All about TCS on sale of Goods [newly inserted Section 206C(1H)] effective from 01.10.2020
Introduction to TCS (Tax collection at source)
Tax Collected at Source (TCS) is the tax payable by a seller which he bills on to the from the buyer at the time of sale and is payable into the Government Treasury on receipt of money from the buyer.
The rate of TCS is different for goods specified under different categories. Section 206C of the Income Tax Act specifies the categories of goods on which seller has to collect tax from the purchasers. TCS provisions under Income tax Act are similar to indirect taxes. Like an indirect tax, TCS is mentioned on the invoice, collected from the buyer and is payable to Government account by the seller only on collection of money due on the bill.
The concept of TCS is not new in the Income Tax Act. The same has already been levied till now on specified goods like Timber, Tendu leaves, forest produce, scrap, minerals like iron ore etc.
But for FY 2020-21, there have been some new inclusions in the applicability of TCS. Let us now discuss about the provisions of section 206C (1H) which is currently relevant and applies universally to all goods subject to specified conditions.
Sub section 1H has been inserted in Section 206C by Finance Act, 2020 for collection of TCS by the seller on sale of ANY GOODS. This means it is not applicable to any specified goods but to all goods. Though collection of TCS on sale of certain goods is already covered under different sub sections of Section 206C, however all the remaining goods, which are not so covered under other provisions of section 206C, has now been brought under the ambit of TCS by inserting sub section 1H in Section 206C.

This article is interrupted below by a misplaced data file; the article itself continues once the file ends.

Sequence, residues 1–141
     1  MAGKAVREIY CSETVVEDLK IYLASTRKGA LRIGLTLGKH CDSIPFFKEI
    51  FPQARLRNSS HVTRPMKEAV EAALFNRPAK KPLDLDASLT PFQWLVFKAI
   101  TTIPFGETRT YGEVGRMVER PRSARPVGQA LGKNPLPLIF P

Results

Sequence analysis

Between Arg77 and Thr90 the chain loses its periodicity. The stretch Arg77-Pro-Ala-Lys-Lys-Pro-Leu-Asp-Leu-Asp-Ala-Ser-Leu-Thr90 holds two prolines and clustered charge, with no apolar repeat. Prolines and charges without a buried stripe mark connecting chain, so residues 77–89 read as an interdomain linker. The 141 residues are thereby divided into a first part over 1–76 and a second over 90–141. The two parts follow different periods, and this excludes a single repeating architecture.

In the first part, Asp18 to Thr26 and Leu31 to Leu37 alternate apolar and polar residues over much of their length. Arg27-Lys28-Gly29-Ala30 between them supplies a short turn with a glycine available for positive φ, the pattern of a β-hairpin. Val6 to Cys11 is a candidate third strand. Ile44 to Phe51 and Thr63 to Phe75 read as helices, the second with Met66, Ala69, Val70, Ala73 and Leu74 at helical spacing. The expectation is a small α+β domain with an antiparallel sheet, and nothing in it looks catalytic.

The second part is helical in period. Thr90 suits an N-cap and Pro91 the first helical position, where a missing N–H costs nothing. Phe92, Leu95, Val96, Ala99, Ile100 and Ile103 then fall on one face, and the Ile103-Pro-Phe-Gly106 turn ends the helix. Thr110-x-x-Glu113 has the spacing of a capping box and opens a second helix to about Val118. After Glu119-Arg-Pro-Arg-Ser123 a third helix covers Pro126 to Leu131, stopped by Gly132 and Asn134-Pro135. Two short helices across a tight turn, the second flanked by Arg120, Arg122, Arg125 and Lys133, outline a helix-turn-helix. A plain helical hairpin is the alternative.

Effective from 01.10.2020, sub section (1H) imposes responsibility of collection of TCS on every person whose total sales, gross receipts or turnover during the preceding financial year (i.e Fin Year 2019-20) is more than Rs.10 Cr. Such person is liable to collect TCS @ 0.1% on the amount exceeding Rs.50L during the financial year in respect of sale of goods made to a buyer. However in Non-PAN/Aadhaar cases the TCS rate shall be 1% as against 0.1% mentioned above. (Please note that TCS Rate is been reduced to 0.075% for the period from 01.10.2020 to 31.03.2021 due to the COVID-19 pandemic).
It is important to note that for calculating the threshold of Rs.10 Crore, the total turnover including gross receipts and sales is to be taken into consideration whereas for computing the threshold of Rs.50 Lakhs, only sale of goods is to be considered
Non Applicability of section 206C(1H) in the following cases:
1. If goods are exported from India to any country outside India. (so exports are not covered)
2. If buyer is liable to deduct TDS under Income Tax Act. This is applicable only in specified cases which will be covered separately.
3. If the goods sold are already covered under sub sections (1), (1C), (1F) and (1G)* of section 206C (already covered by existing TCS provisions)
As per CGST Act, section 2(52), “Goods” means every kind of movable property other than money & securities but includes actionable claims, growing crops, grass and things attached to or forming part of the land which are agreed to be severed before supply or under a contract of supply.